The Epic of Gilgamesh - Tablets 1-2 Summary & Analysis

This Study Guide consists of approximately 17 pages of chapter summaries, quotes, character analysis, themes, and more - everything you need to sharpen your knowledge of The Epic of Gilgamesh.
This section contains 662 words
(approx. 2 pages at 400 words per page)


Tablet 1

Gilgamesh is the son of a goddess and a mortal king, Ninsun and Lugalbanda. For this reason, Gilgamesh is a strong man. Gilgamesh is the king of Uruk, a country which he created. Gilgamesh likes to show off and is often challenging the men of Uruk, embarrassing them and making it difficult for the women of Gilgamesh to find suitable husbands. The people of Uruk pray to the gods to make another man who could challenge Gilgamesh. The gods create a man named Enkidu. He is placed in the forest where he annoys a trapper by taking the animals from his traps. The trapper asks his father for advice. In turn, the father sends him to Gilgamesh. Gilgamesh recommends taking a woman, Shamhat, to the wild man and have them engage in intercourse. The trapper does this. After a marathon sexual encounter, Enkidu finds he cannot run as fast as before because he has been civilized. At the same time, Gilgamesh has dreams about Enkidu. After both dreams, Gilgamesh’s mother tells him that it means he will soon make a friend.

Tablet 2

Enkidu continues to spend time with Shamhat who helps him become more civilized. Enkidu meets some shepherds. He eats and drinks with them. After a bath, he feels that he is human. Enkidu later speaks with a young man who is going to Uruk for a wedding and learns that as the king, Gilgamesh has the right to lie with the bride before her new husband. Enkidu does not like this, so he goes to the bride’s house and stands guard. When Gilgamesh arrives, they fight. Gilgamesh wins, but Enkidu so respects his superiority that he forgives him, and they become good friends.

Gilgamesh suggests that he and Enkidu go to the Cedar Forest to kill Humbaba, the creature that lives. Enkidu does not think it is a good idea, but Gilgamesh promises it will bring them fame and power. Enkidu agrees, and they go to have weapons made. Gilgamesh brags to the people of the village. He is once again told that it is a bad idea.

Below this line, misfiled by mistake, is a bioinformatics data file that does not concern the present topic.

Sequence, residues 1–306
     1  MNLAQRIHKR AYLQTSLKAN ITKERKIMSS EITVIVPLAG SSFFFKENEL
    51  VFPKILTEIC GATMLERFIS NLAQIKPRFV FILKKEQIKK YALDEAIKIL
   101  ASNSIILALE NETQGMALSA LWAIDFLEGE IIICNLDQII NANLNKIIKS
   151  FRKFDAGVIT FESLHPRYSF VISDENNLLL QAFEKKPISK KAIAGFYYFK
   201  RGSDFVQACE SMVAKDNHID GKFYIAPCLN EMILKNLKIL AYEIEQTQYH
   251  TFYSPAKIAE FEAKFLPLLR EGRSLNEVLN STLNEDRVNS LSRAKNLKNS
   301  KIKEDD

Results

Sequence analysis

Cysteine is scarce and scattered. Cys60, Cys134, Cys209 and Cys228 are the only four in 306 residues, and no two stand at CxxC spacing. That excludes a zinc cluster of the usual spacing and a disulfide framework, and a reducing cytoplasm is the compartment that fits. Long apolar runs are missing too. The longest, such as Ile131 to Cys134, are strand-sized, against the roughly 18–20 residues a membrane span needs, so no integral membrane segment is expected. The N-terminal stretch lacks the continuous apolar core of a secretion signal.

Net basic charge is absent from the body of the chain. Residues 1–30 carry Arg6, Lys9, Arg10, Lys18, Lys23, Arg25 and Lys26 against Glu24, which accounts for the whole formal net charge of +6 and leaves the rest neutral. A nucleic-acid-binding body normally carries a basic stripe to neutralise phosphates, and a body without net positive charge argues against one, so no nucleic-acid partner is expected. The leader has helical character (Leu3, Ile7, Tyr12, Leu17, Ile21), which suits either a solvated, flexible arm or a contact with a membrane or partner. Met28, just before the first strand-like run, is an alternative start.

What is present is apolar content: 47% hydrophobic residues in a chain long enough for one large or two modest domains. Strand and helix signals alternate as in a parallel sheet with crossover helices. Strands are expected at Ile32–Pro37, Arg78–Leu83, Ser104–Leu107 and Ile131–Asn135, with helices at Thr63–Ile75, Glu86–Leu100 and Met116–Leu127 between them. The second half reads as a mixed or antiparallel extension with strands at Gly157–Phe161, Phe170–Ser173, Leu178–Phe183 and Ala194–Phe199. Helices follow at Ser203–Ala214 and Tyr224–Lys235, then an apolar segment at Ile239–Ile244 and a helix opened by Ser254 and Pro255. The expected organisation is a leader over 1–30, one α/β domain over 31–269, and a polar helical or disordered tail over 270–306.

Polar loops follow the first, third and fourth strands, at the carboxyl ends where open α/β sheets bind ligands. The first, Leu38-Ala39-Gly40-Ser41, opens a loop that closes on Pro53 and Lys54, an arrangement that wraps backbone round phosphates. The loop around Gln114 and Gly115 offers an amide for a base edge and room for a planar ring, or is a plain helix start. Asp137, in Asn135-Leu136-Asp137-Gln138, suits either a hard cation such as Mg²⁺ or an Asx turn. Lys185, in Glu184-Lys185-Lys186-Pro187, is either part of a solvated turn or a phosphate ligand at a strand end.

Gilgamesh is an epic that was written on clay tablets. Many of the tablets are broken; therefore, the poem is not complete. However, scholars can make educated guesses as to what might have been said so that the English translation is mostly whole.

Gilgamesh is a powerful man who likes to show off to those around him. He is young and lives with the mistaken belief that he is unstoppable. Since everyone is tired of his showing off, the people of Uruk ask the gods to give them a man who can stand up to Gilgamesh. This man is Enkidu. Enkidu comes to the world more beast than human before spending time with Shamhat, a woman who worships Ishtar, the goddess of love and war. Shamhat teaches Enkidu the ways of humans, and he quickly becomes civilized. This includes a distaste for the habits of Gilgamesh. The first time Enkidu and Gilgamesh meet, they fight. However, they soon become quick friends, just as Gilgamesh’s mother predicted.

Gilgamesh likes to prove himself among his fellow man. This includes starting fights with mean, powerful beasts. Many believe Gilgamesh is crazy and will one day get himself killed. However, nothing stops Gilgamesh, and Enkidu finds himself going along for the ride.

Discussion Question 1

Who is Gilgamesh? Why are the people of Uruk unhappy with his behavior?

Discussion Question 2

Who is Enkidu? Why does he relate to the animals more than humans when he first arrives in the forest? How does the trapper arrange to change that behavior?

Discussion Question 3

With whom does Gilgamesh want to pick a fight? Why? What do the wise people of Uruk say about his wish to fight?


Goddess, created, cultivated, harlot, assembled, disputing, artisans, countenance, instituted, purified, continually, powerful, embracing, halting, mightily, presence, permitted, grappled, destroyed, demolished.

This section contains 662 words
(approx. 2 pages at 400 words per page)
The Epic of Gilgamesh from BookRags. (c)2017 BookRags, Inc. All rights reserved.
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